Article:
As colleagues will recall, at one point unaccompanied minors were housed in hostels where they were extremely vulnerable to being trafficked or exploited. There were real concerns about child protection issues. As colleagues are aware and as the Minister reminded us last night, much better practice is now in place through ensuring that unaccompanied minors are now accommodated in foster homes, which is very welcome.

  I appreciate the sentiment behind the amendments. As the Minister said, all of us seek to ensure we have adequate humanitarian protections in place, particularly for children and child applicants. I am very encouraged by the explicit wording in section 35 which provides that the authorised officer, to be renamed the international protection officer after Committee Stage, shall take the best interests of the child as a primary consideration. By having those words right at the start of the section it is clear that all the other provisions of the section must be read in light of that consideration. That is the primary consideration and it is fairly clear that the Child and Family Agency will appoint a person who will then be given the opportunity to inform the child about the meaning and consequences of the interview and so on. A number of practical points are set out as to what will be done, but they all must be done in light of the best interests of the child as the primary consideration. That covers a great deal of the child protection issues we are all very concerned about.

An Leas-Chathaoirleach:   Is amendment No. 6 being pressed?

Cont’d

  There is a concern that these amendments are necessary which is why we tabled them.

Senator Ivana Bacik:   I do not want to labour the point, but section 35 should not be read in isolation. Clearly, it must be read in the context of the other relevant provisions. Section 34 applies to the personal interview and section 34(7) refers to an applicant who has not attained the age of 18. Section 14 refers to unaccompanied minors seeking international protection. In section 14(2) it is very important that after it appears that a person has not reached the age of 18 and is not accompanied by an adult who is taking responsibility for him or her, it shall be presumed that the person is a child, meaning that all the necessary protections are then put in place. Under section 15 it is clear that the Child and Family Agency will then assume responsibility.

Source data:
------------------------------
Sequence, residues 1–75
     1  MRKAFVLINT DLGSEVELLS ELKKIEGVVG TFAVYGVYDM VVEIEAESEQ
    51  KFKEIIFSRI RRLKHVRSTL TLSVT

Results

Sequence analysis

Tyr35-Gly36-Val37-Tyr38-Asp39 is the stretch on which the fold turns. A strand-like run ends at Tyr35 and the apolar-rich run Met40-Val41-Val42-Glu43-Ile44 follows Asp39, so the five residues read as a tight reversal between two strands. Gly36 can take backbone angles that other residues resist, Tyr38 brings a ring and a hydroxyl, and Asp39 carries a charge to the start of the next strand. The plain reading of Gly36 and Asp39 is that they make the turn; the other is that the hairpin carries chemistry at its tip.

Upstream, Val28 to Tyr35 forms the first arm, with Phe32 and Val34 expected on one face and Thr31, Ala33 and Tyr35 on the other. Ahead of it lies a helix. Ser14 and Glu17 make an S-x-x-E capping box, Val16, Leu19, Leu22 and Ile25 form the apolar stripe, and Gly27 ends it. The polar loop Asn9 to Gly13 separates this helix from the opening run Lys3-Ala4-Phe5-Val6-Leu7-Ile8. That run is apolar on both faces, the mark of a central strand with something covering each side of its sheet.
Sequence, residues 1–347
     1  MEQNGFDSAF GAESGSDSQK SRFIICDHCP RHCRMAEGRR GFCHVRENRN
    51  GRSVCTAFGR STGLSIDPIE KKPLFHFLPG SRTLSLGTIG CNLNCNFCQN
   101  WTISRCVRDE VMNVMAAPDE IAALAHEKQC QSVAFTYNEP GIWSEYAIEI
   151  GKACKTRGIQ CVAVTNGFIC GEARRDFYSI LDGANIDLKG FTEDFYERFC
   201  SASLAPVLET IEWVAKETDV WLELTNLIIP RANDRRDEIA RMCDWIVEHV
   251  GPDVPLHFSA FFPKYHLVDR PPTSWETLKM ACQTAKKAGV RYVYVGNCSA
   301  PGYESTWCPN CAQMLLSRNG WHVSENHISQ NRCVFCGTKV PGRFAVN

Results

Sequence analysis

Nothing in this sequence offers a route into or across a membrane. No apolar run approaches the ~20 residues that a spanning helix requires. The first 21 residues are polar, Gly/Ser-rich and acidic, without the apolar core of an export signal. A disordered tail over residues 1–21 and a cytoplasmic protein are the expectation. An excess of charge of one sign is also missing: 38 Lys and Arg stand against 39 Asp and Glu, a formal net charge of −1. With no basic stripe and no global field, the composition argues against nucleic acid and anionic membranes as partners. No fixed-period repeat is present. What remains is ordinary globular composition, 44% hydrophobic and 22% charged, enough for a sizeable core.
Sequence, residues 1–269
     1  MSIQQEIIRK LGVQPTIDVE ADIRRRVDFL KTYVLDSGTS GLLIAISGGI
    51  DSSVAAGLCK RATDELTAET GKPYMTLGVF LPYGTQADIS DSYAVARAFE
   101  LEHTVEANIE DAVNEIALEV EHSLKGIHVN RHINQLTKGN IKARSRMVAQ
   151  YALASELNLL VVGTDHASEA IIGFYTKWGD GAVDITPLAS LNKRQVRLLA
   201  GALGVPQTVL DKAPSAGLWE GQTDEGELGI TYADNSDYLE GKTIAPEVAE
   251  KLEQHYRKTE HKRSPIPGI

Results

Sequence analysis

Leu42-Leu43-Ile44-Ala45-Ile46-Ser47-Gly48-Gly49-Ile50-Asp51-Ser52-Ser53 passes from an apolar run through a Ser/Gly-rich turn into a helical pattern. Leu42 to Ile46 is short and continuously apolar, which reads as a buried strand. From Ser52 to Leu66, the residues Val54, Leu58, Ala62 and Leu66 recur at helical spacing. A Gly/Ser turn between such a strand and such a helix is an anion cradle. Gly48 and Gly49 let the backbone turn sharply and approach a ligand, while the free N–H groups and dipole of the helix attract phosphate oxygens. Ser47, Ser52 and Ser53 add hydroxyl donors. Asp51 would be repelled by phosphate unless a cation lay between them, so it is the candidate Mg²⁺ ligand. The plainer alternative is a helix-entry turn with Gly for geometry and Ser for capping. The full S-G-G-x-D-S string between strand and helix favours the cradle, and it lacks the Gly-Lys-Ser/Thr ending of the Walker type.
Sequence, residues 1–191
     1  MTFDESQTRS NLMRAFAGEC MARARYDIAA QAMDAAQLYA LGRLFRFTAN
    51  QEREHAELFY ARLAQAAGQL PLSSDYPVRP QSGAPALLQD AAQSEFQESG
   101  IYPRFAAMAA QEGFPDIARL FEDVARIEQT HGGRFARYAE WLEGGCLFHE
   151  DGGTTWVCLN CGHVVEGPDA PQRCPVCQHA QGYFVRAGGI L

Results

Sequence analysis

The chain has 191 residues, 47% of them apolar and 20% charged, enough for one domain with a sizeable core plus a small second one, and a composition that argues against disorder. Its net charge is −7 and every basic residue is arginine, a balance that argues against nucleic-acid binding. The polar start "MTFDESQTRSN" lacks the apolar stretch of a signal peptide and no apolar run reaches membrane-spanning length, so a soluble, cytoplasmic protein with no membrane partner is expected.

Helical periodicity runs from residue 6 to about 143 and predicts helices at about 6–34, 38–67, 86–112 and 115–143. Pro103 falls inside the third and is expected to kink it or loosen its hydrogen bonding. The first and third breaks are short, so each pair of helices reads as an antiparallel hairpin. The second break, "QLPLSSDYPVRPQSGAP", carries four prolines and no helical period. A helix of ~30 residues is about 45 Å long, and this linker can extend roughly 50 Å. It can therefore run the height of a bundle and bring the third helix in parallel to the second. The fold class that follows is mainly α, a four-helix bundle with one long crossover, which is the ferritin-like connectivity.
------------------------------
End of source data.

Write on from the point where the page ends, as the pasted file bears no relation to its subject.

While all of us absolutely agree with Senator Ó Clochartaigh's concern about the need to ensure adequate training and that the person appointed is an appropriate person, I believe that is provided for already because clearly a person could not be appointed by the Child and Family Agency who does not fulfil those criteria. I do not believe it is necessary to insert the extra detail the Senator is looking for.

Senator James Heffernan:   I do not question the Minister of State's bona fides in this area. I am aware of all the work he has done on migrants' rights issues since he became Minister of State with responsibility for equality. Senator Bacik has also a very proud record in this area. I have spoken to representatives of some of the migrants' rights bodies, including the one operating in Limerick, Doras Luimní. They are concerned that the Bill represents a missed opportunity to bring Ireland in line with a common European asylum system.

  When the Minister of State says that it is all in the best interests of the child, when it comes to matters of family reunification, the family model referred to according-----

Senator Ivana Bacik:   That is not in this amendment.

Senator James Heffernan:   It can still be relevant to this section and the interpretation. Are we not debating section 2?

Senator Ivana Bacik:   It is unaccompanied minors.

Senator Trevor Ó Clochartaigh:   We are dealing with a group including amendments Nos. 6 to 8, inclusive, 19, 20 and 26.

Cont’d

An Leas-Chathaoirleach:   The briefing paper from which I was working seems to have disappeared, which is disconcerting. It is difficult for me to proceed without the notes I had made.

Senator Ivana Bacik:   We dealt with amendment No. 6 just before we adjourned.

An Leas-Chathaoirleach:   Amendment No. 6 has been decided on, so we will move on to amendment No.